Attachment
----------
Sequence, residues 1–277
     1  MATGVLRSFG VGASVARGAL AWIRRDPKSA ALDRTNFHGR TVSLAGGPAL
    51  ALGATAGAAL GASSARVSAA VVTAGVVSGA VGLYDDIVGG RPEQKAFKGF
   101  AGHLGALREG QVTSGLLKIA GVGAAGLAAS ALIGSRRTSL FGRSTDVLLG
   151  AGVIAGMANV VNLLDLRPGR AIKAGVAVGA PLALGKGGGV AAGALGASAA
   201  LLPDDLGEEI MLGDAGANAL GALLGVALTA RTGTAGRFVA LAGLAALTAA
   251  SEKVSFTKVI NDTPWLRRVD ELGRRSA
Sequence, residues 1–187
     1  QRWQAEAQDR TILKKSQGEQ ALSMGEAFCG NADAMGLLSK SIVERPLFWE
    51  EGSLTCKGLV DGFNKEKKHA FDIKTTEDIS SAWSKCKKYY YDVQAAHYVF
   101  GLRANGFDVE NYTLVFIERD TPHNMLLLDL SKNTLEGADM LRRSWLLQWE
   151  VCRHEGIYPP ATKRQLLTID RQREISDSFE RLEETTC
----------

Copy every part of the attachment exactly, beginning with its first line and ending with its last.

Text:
Sequence, residues 1–277
     1  MATGVLRSFG VGASVARGAL AWIRRDPKSA ALDRTNFHGR TVSLAGGPAL
    51  ALGATAGAAL GASSARVSAA VVTAGVVSGA VGLYDDIVGG RPEQKAFKGF
   101  AGHLGALREG QVTSGLLKIA GVGAAGLAAS ALIGSRRTSL FGRSTDVLLG
   151  AGVIAGMANV VNLLDLRPGR AIKAGVAVGA PLALGKGGGV AAGALGASAA
   201  LLPDDLGEEI MLGDAGANAL GALLGVALTA RTGTAGRFVA LAGLAALTAA
   251  SEKVSFTKVI NDTPWLRRVD ELGRRSA
Sequence, residues 1–187
     1  QRWQAEAQDR TILKKSQGEQ ALSMGEAFCG NADAMGLLSK SIVERPLFWE
    51  EGSLTCKGLV DGFNKEKKHA FDIKTTEDIS SAWSKCKKYY YDVQAAHYVF
   101  GLRANGFDVE NYTLVFIERD TPHNMLLLDL SKNTLEGADM LRRSWLLQWE
   151  VCRHEGIYPP ATKRQLLTID RQREISDSFE RLEETTC